We did not have a chance to meet with all of the teams this week, but we still wanted to send out a tech tip for everyone. Today we are going through how to share in Google Docs and some of the benefits to using this part of Docs. When you share Docs within your teams or departments, you have an easy way to collaborate. Google Docs gives you the ability to keep up with the updated drafts of handouts and materials without having to revert to the classic file names of "FinalFINALACUTALFINAL1AFORREALFINAL.docx" :)
Matt and I would STRONGLY encourage you to begin using Google Docs to create and modify your handouts, projects, and team materials. You will not run out of storage space using Google Drive and you will be able to access these items from anyplace that has internet access (meaning you don't have to have one specific machine or device with you at all times).
Here is a video detailing how to share within Google Docs and the different levels of access.
Also, here is a helpful website that covers some of the basics of Google Docs. Also, for those of you who are used to using Microsoft Word, there is a helpful PDF/handout within this website that showcases the differences and similarities between these two platforms.
As always, please let Matt or myself know if we can help you with this transition.
So, here are a few things I've been reading lately.
Just finished: The Seventh Most Important Thing. SO GOOD.
Goodreads review below.
The Seventh Most Important Thing by Shelley Pearsall
My rating: 5 of 5 stars
***This title is a nominee for the 2017-18 Golden Sowers Chapter Book list.***
OK-I loved this book. I didn't really know too much about it before I started it (just that Arthur, the main character was in trouble for throwing a brick at the "Junk Man") but I couldn't put it down. I red it straight through in one sitting. The characters were oh-so-relatable. The story was compelling and interesting (and based on a true guy!). The writing was spectacular. I can't wait to recommend it to others.
Arthur Owens knew he shouldn't have thrown the brick. But when he saw the Junk Man, the guy who is always out going through people's garbage, wearing his deceased dad's hat (after his mom threw it out without telling anyone), something just came over him. And now his punishment is to help the Junk Man out. Something about redemption. Arthur doesn't know what that means, but he knows he'd rather do this than go back to juvie. So he starts working on Junk Man's list of the 7 Most Important Things. And he begins to wonder if he was meant to be doing this all along.
Other recent reads:
All the Answers
Ava finds a blue pencil in the junk drawer and decides to use it on her math test. She always gets SO NERVOUS before tests and she doesn't think this one will be any better. But, during the test, she discovers the pencil KNOWS the answers. All of them. At least the fact-based ones. So she and and her friend Sophie start asking it all sorts of things. But is there ever such a thing as too much information? Do you really want to be able to ask if someone likes you (or doesn't)? Or if your Grandpa really is sick? Ava has to figure out what to do with all of her new knowledge and if she can balance her desire to know everything with the stress of trying to figure it out.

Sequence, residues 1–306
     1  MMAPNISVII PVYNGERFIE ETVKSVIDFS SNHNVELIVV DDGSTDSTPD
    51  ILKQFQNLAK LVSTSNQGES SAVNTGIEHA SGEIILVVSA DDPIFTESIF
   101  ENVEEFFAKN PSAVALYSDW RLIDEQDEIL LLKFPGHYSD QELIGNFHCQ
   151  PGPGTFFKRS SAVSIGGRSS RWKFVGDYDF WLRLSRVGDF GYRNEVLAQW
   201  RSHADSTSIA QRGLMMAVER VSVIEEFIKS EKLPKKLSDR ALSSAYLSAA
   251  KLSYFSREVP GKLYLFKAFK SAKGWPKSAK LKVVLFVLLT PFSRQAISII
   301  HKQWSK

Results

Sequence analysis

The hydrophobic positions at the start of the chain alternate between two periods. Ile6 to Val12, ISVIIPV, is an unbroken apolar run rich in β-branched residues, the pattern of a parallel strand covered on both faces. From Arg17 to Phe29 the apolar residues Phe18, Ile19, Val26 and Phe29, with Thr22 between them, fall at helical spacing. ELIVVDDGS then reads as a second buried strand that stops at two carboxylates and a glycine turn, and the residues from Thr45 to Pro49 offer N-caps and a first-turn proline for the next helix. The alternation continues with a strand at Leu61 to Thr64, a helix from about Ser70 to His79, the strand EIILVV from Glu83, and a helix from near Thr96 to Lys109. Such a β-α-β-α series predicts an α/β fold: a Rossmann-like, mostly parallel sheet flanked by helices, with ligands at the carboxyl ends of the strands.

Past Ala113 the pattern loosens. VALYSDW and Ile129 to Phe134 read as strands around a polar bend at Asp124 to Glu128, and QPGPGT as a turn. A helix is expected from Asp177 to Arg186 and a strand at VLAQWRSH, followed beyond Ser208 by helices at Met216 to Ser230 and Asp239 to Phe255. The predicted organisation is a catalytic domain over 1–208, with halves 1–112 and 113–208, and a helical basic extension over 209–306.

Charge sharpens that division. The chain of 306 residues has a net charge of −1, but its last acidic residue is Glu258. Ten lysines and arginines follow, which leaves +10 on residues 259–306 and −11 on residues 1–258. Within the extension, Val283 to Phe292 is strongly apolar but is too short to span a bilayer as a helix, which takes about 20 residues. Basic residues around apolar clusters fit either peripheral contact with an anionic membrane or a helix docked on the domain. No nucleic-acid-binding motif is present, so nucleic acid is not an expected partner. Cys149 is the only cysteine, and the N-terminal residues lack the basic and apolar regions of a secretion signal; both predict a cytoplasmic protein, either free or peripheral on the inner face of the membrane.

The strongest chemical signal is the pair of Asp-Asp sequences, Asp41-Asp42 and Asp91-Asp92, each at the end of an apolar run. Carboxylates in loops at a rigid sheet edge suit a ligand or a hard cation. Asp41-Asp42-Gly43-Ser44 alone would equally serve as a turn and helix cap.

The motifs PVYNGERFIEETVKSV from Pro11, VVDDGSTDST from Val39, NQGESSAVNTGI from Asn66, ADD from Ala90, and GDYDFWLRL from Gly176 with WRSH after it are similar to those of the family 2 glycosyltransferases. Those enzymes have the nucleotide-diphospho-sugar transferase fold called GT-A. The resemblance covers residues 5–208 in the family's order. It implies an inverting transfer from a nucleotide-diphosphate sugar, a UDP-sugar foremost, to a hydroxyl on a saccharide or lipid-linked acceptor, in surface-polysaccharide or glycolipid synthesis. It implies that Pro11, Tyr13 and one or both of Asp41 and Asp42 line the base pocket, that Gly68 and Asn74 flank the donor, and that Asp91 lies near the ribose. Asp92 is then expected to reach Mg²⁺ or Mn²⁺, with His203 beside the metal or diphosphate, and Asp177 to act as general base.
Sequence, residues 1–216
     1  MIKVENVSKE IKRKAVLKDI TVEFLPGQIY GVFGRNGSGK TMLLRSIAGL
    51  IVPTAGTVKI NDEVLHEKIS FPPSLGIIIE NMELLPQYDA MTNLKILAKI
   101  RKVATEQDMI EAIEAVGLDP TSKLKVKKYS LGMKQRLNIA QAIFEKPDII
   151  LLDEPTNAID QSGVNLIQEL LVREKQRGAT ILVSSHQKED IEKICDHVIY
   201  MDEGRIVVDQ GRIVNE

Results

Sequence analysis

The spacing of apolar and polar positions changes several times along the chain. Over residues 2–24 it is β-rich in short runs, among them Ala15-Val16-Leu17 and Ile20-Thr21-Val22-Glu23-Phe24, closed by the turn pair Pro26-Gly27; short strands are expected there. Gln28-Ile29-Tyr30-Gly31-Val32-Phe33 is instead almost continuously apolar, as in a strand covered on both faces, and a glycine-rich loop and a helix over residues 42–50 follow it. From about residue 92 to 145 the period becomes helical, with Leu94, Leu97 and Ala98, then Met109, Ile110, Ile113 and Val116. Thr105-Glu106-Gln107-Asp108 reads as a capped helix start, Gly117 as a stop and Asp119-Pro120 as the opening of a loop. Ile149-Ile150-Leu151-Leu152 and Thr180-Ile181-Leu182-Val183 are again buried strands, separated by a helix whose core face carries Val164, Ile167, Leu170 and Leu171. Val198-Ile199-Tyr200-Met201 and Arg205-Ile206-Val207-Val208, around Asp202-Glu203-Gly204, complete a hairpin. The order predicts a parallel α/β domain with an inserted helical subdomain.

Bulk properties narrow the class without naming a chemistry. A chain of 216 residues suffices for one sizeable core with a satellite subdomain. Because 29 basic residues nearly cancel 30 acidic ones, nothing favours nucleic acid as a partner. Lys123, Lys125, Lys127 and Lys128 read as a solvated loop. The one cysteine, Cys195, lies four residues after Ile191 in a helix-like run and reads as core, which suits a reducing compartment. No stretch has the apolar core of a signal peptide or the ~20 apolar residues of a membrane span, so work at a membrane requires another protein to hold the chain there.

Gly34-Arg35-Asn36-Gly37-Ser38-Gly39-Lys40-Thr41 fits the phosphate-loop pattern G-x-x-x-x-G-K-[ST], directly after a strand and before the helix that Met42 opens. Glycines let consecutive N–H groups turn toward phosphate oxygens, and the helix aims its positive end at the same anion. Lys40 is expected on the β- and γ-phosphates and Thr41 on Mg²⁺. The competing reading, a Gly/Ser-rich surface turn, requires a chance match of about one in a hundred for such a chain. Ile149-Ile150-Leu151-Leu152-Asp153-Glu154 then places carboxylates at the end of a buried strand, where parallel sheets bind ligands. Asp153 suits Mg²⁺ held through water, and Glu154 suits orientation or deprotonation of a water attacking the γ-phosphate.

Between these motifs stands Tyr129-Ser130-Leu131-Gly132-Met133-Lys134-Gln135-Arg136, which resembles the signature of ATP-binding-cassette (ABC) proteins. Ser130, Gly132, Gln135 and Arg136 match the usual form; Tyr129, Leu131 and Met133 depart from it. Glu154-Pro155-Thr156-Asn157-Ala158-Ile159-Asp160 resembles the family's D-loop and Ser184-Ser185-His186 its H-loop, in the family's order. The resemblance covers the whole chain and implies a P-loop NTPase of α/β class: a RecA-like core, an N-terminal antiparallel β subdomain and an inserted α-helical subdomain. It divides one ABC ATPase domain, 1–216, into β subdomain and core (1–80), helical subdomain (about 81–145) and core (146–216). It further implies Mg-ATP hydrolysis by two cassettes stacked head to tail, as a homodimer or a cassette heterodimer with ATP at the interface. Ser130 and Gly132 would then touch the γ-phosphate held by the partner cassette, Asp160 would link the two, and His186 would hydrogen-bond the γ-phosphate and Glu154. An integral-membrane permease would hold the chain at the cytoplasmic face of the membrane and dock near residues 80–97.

Books that are in my TBR:
We had quite a few things going on in the library this week. From MAP testing, to teacher trainings, to student checkouts and AR tests, we were usually pretty busy.
For our staff, we went over some of the preferences and settings within Gmail. Find some of our information here. Our tech integration guy and I encouraged our staff to begin using Gmail instead of the Mail application since our district has transitioned to Google.
In addition, we also got our book talk kit (AND BOOKS!) to get us ready for the Scholastic Book Fair. The books we got are pictured below:
I encouraged the Reading staff to come in and help themselves to read one (or MORE) before the book talks. I also highly recommended Refugee (it's the only one I've read myself so far) and then this happened:
Alan Gratz tweeted me. I almost fell over this morning when I saw it on my notifications. He knows me! :)
As we continue to get new books in and fill our shelves, I am constantly on the lookout for other books to order. If you notice that we don't have something (a missing book in a series for example) or you know of a book coming out soon that you want to put on my radar, fill out the book recommendation form!
This is found on the homepage of the website. You will need to fill in your grade (or mark that you are a teacher) and give information about the book you are requesting. This can also be done if you want to suggest we have an extra copy (or 2!) of a specific title.
PLEASE NOTE: Requesting a book is not a guarantee that it will be ordered.
As I continue to add books, I will take these requests into consideration. :)
With the switch to Google/gmail, there has been some confusion and issues with people's email accounts. Below are some of the highlights of what we covered in our Tech Thursday PD session on gmail. As always, any questions-see Mr. Moore or me. :)
To begin, click on the wheel in the top right corner of your mailbox.
Once you have opened up your settings, you will have multiple options. Pay attention to which tab you have open at the top so you know what your options are.
When you are in "General", scroll down and you will see options for inserting a picture and a signature. Some tips: pick a picture that is YOU (actual image, bitmoji, family pic, etc) OR something Gretna-related
For your signature, keep in mind that you can put information that is pertinent to you and you can easily edit the info. If you have a website for your class, include a link. If you are a coach, include that info. If you travel between buildings, include that.
My 6th grade teachers requested book talks for the different Golden Sower books. They wanted the kids to know about the titles, have the AR information for each book, and also get information about the voting process/Root Beer Float party in the spring. We decided to have each class (groups of 22-26) come to the library for a class period.